Another one of the features that you must actually use to truly appreciate, is how a you can see just how many triggered events have occurred - By taking a glance at the display. I've found this to be a great plus. It is akin to having a live gauge of your recording progress.In an area well populated by bats, or where bats are seen in flight: You can see a numerical representation of your recording progress.As another example: Imagine you are using the system in it's Silent Mode (another great feature!). Whether in a static location, using it for unattended monitoring, or even walking along wooded areas in the field: The Griffin's display, will indicate the number of recordings (triggered events) that have been made. It can help you decide, if you've collected a sufficient number of recordings for the night.
The front-mounted speaker produces excellent-quality sound, which can be adjusted in fine increments, using the encoder knob. Instant playback of recordings (in the field) is yet another uncommon luxury. There are also various options available, which allow a user to configure several different methods of unattended recording.
All-in-all, a very convenient system - It's very easy to use!
Stay tuned for Part 2 Of 3 of this review (below) - Which will include: A lot more info, performance observations.
The BatBox Griffin Part 2 Of 3
Aside from the fact, that that The Griffin is an advanced instrument for bat detecting - I feel compelled to mention, that it is somewhat of a conversation piece as well! You may think that I've "lost it" this time...but, it's true! And, I just had to mention it - Although it may seem trivial to some...I find it to be a nice advantage.You take this beautiful, blue display for instance:
It's a back-lit, LCD/negative blue display (128x64). And, it's simply a joy to behold - Complete with very cute splash screens at boot-up and shut down! They will be a neat surprise to new owners of this unit. Well, these are the kinds of things that even the layperson (even one who has no interest in bat detectors) can appreciate.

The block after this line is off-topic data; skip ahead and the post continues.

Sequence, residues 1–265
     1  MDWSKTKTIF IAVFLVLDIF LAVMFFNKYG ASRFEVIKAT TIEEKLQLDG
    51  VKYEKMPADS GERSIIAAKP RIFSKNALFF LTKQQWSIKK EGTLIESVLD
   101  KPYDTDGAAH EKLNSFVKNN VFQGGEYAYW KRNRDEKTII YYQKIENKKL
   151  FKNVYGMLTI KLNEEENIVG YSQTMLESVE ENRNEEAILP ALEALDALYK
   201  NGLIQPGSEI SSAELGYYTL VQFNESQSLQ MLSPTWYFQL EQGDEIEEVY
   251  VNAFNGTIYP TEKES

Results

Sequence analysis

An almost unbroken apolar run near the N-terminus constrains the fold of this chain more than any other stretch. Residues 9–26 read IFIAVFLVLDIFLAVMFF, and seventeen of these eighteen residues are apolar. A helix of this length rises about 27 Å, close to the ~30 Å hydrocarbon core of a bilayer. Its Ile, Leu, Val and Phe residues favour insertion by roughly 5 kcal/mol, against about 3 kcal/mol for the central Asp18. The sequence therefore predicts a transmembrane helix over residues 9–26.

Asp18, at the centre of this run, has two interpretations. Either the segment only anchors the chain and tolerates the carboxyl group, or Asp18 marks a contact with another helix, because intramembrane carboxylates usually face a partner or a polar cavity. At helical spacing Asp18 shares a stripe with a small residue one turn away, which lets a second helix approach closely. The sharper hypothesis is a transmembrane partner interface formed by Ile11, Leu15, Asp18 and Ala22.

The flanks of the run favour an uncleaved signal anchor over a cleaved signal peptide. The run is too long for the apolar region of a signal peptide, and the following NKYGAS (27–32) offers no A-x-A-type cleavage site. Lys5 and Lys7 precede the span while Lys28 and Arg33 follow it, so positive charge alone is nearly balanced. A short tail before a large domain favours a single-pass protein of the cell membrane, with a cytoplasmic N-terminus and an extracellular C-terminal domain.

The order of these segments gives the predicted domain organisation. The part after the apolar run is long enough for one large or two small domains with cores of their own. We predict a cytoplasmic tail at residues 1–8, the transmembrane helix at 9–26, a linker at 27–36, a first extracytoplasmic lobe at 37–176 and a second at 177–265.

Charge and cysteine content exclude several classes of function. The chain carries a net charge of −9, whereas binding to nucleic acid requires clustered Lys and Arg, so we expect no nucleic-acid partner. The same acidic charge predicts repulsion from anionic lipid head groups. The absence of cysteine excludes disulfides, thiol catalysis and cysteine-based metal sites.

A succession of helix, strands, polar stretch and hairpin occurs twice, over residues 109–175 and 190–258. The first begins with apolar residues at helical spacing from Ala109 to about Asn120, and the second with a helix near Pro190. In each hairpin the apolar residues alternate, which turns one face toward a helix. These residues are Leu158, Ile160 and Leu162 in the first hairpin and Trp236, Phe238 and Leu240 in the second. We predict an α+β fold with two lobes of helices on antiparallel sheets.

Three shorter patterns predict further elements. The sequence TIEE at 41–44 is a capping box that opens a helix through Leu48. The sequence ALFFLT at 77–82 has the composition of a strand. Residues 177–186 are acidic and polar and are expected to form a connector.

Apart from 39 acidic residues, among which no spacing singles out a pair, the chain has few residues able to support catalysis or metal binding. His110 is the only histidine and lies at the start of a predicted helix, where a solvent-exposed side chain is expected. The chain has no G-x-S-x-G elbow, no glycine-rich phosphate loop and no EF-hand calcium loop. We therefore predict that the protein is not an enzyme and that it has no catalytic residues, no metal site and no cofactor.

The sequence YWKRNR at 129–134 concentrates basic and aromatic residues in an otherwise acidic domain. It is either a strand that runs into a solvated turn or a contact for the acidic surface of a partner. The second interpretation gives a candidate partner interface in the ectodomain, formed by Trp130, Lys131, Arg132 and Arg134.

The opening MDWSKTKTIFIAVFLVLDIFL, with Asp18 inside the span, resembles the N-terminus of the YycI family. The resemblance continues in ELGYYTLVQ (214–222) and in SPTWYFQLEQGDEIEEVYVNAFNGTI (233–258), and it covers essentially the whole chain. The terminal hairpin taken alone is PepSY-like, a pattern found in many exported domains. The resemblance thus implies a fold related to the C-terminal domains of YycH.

OK, this is a serious bat detector - So let's get back to a serious review...In general, the layout on The Griffin, is very straight-forward and simple. I like the front-mounted, diffused, LED indicator. It's a bi-color LED, and provides a soft, intermittent flashing: Green: to indicate Normal/On operation. And Red: to inform the user that a program has been stored, and will execute. It serves to assure the user, that although the unit is in a powered-off state; it will be turning on/recording later.
Advanced (experienced) users of bat detectors, will be able to just "take the ball and run with it" (as they say).Suffice it to say, that programming the unit (for automated operation, etc.) is not difficult in the least. Which reminds me: I've found it easy to become accustomed to using The Griffin. After only reading through the User Manual once. This is not the case with all advanced bat detectors, by the way. With other high-end detectors, you need to practically study the manual...So, I believe this is important to note.